15, 20, 26. What’s the meaning behind these numbers and why do the matter to your brand’s customer experience? Today, I’m going to dig into these numbers and we’ll discuss why your customer experience and customer service strategies have to address them. So, lets get started.
- 15% – The percentage of the world’s population that has some form of disability, per the World Health Organization’s “World Report on Disability 2011.”
- 20% – The approximate percentage of all Americans that have at least one disability, per the United States Census.
- 26% – The percent of adults in the United States that have some form of disability, per the Centers for Disease Control and Prevention.
Now that I’ve outlined what these numbers actually are, we need to look at how they impact your brand’s strategy for delivering exceptional customer experience and service.
Remember, your goal, as a brand, is to build and foster long-term, meaningful relationships with your customers. Relationships that will adapt to your customer’s changing wants, needs, life stages, etc. As I mentioned in a previous post, the interactions between you and your customer is a relationship. There is give and take… but only if you’ve set yourself up for success.
When you look at the numbers, this is a significant subset of your customer base that is often presented with barriers to making a purchase, consuming content, getting basic services, etc. Those barriers can be physical, such as not having a ramp to enter your establishment. It could be a digital barrier, such as a website lacking the proper formatting/coding for someone’s screen reader to read and interact with the site. It could be a servicing barrier, such as a call center ill-equipped to support customers with varying abilities.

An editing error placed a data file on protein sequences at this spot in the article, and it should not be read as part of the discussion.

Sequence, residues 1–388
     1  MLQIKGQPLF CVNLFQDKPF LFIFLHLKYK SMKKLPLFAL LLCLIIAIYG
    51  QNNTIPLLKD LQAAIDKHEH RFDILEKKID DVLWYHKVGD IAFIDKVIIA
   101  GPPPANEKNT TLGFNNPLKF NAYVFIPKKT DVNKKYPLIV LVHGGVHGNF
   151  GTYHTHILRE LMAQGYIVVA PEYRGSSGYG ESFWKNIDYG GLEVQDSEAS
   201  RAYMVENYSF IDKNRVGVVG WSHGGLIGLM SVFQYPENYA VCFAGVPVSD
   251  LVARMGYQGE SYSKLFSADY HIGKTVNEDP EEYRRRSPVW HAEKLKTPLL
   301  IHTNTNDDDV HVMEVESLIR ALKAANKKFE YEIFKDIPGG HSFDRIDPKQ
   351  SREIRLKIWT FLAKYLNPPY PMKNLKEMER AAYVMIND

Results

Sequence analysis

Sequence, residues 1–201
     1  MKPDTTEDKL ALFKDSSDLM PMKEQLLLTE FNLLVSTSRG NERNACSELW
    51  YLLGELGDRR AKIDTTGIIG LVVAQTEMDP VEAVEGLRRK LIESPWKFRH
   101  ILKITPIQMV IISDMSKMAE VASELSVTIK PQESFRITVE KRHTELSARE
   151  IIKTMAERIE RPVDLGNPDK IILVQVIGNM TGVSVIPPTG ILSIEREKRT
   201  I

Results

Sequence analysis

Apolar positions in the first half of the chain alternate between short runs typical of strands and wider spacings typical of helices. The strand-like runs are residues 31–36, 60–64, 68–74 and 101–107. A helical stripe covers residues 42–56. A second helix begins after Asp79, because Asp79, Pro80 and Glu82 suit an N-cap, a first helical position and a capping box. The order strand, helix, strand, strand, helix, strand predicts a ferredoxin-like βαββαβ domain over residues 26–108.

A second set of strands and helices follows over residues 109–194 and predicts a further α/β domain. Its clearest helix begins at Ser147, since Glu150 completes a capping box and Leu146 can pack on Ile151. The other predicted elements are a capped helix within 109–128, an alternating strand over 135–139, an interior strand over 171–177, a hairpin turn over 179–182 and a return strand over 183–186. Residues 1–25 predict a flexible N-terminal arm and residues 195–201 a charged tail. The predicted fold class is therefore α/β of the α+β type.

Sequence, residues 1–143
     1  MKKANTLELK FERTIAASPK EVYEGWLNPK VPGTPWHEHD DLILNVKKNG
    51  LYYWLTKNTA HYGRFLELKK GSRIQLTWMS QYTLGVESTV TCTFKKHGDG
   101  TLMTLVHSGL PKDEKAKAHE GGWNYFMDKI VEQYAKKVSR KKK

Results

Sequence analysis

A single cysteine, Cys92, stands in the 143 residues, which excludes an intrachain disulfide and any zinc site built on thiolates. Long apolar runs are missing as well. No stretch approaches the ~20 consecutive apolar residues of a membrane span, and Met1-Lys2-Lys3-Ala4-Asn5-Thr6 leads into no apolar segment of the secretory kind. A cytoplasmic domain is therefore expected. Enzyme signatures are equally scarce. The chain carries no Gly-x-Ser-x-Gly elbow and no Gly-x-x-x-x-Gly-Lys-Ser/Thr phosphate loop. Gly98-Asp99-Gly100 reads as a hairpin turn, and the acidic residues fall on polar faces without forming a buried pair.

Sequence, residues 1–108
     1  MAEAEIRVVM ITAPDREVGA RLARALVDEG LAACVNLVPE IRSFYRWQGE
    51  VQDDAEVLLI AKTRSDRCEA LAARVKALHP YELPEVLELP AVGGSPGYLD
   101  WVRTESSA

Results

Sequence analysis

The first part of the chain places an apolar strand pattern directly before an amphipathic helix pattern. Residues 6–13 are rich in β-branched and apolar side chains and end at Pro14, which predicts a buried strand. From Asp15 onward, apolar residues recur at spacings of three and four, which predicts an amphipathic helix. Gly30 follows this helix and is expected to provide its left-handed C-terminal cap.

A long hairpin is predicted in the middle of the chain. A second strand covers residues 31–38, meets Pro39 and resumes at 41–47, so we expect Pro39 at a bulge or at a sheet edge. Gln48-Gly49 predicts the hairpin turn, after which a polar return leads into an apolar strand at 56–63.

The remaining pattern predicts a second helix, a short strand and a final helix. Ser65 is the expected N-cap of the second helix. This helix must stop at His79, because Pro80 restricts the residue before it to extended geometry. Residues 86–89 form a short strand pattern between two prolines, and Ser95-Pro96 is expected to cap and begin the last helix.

So, how do you ensure you’re addressing the needs of all of your customers?
If you’re a large company, you can seek out the assistance of a consultant or vendor to do an audit of your facilities, digital properties, call centers, etc. to determine where you are in your level of accessibility. Once you have a baseline, you can work with that consultant or vendor to prioritize addressing the most critical items first.
That said, there is only so far a baseline audit can take you. So, its important to solicit feedback from your customers as you make changes to ensure you’re moving in the right direction. Also, the earlier in the process you solicit that feedback, the more you’ll be able to avoid costly revisions further down the development cycle.
What if you’re a small company? Or a single entrepreneur? If working with a consultant or vendor to audit your business isn’t an option, you can still solicit customer feedback through surveys, focus groups, etc. Sometimes, asking customers how you can improve their experience and getting that feedback provides a wealth of information you can use to start addressing the gaps in your customer experience/service. And while some of the feedback may be unpleasant or down right painful to hear, its all information you can use to improve the relationship with your customers.